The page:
Researchers from Michigan State University have helped provide the latest insights on this front with a report published in the journal Nature Communications. The team showed how microorganisms known as halophilic fungi stand up to high salt concentrations that would be lethal to other microbes.
“Halophilic fungi have a remarkable talent for thriving in extremely salty environments where other microorganisms can’t survive,” said Tuo Wang, a corresponding author of the new study. Wang is also the inaugural Carl H. Brubaker Jr. Endowed Associate Professor in the Department of Chemistry in the College of Natural Science.
“While this ability can pose challenges in areas like food preservation, where these microbes grow well even in salty conditions, it also opens doors to exciting possibilities,” Wang said.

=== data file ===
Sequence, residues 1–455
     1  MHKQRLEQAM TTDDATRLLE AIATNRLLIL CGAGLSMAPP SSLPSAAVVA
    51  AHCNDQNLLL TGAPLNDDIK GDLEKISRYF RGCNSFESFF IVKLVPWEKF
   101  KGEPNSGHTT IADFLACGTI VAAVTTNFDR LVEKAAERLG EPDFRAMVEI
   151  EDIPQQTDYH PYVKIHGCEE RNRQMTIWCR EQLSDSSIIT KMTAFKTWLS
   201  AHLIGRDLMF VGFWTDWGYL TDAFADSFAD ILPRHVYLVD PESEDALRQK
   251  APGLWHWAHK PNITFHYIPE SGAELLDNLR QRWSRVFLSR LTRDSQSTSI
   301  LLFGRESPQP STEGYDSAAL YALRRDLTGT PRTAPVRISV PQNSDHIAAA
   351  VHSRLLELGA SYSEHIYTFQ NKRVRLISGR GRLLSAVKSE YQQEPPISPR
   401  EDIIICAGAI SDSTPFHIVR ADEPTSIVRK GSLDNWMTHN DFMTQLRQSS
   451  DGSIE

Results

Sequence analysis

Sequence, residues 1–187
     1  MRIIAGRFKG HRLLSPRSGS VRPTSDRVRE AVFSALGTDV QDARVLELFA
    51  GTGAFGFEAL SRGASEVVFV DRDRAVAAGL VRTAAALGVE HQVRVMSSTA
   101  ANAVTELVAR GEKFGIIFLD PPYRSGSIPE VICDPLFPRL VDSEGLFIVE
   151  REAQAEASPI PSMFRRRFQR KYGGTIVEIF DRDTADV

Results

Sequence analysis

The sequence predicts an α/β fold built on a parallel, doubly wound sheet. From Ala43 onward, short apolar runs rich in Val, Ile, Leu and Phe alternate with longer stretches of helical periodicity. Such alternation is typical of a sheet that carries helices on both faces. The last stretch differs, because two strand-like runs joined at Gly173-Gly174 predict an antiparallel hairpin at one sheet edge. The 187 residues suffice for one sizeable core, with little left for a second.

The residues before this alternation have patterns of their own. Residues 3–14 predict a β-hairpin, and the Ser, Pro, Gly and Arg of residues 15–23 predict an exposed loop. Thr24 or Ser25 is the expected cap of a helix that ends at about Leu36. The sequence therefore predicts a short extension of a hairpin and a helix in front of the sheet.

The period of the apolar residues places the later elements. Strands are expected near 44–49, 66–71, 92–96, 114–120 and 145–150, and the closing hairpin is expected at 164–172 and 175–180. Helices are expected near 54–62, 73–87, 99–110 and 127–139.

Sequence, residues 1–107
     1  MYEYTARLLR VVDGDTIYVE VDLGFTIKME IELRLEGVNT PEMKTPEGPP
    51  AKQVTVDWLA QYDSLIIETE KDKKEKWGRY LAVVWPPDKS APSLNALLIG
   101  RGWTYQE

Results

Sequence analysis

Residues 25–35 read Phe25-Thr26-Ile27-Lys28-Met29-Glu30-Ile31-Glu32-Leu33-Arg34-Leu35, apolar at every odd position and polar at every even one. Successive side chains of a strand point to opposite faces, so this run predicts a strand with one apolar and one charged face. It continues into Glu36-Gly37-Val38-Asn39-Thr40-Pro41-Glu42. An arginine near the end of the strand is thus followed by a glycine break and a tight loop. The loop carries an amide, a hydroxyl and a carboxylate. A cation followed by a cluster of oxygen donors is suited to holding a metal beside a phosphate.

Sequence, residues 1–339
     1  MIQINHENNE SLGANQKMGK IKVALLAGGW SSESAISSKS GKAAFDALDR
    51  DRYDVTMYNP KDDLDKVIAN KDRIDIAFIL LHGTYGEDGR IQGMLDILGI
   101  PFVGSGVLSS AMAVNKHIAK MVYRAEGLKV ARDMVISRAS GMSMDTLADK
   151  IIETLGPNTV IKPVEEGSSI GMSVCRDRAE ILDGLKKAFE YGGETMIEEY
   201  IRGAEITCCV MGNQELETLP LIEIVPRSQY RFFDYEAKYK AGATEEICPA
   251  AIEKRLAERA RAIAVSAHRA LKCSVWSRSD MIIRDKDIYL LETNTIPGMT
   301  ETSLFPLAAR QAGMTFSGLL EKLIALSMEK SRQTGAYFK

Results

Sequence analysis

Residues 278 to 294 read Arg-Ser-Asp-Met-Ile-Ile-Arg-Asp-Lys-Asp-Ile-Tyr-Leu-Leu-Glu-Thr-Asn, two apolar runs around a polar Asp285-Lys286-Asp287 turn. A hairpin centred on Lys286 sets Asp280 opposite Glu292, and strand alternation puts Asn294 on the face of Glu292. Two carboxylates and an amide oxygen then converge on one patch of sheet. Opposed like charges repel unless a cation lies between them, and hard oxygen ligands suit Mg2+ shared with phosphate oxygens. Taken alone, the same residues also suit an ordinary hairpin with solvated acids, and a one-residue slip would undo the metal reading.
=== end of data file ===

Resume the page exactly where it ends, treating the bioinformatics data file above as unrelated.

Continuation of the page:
For instance, such fungi could be harnessed to replace fresh water with seawater in industrial processes, potentially easing water scarcity concerns and reducing the risk of contamination from other microbes.
In the new report, Wang and his colleagues revealed how halophilic fungi rearrange their cell walls to minimize water loss and uphold their structure in extremely salty settings.
This article was first published by the MSU College of Natural Science.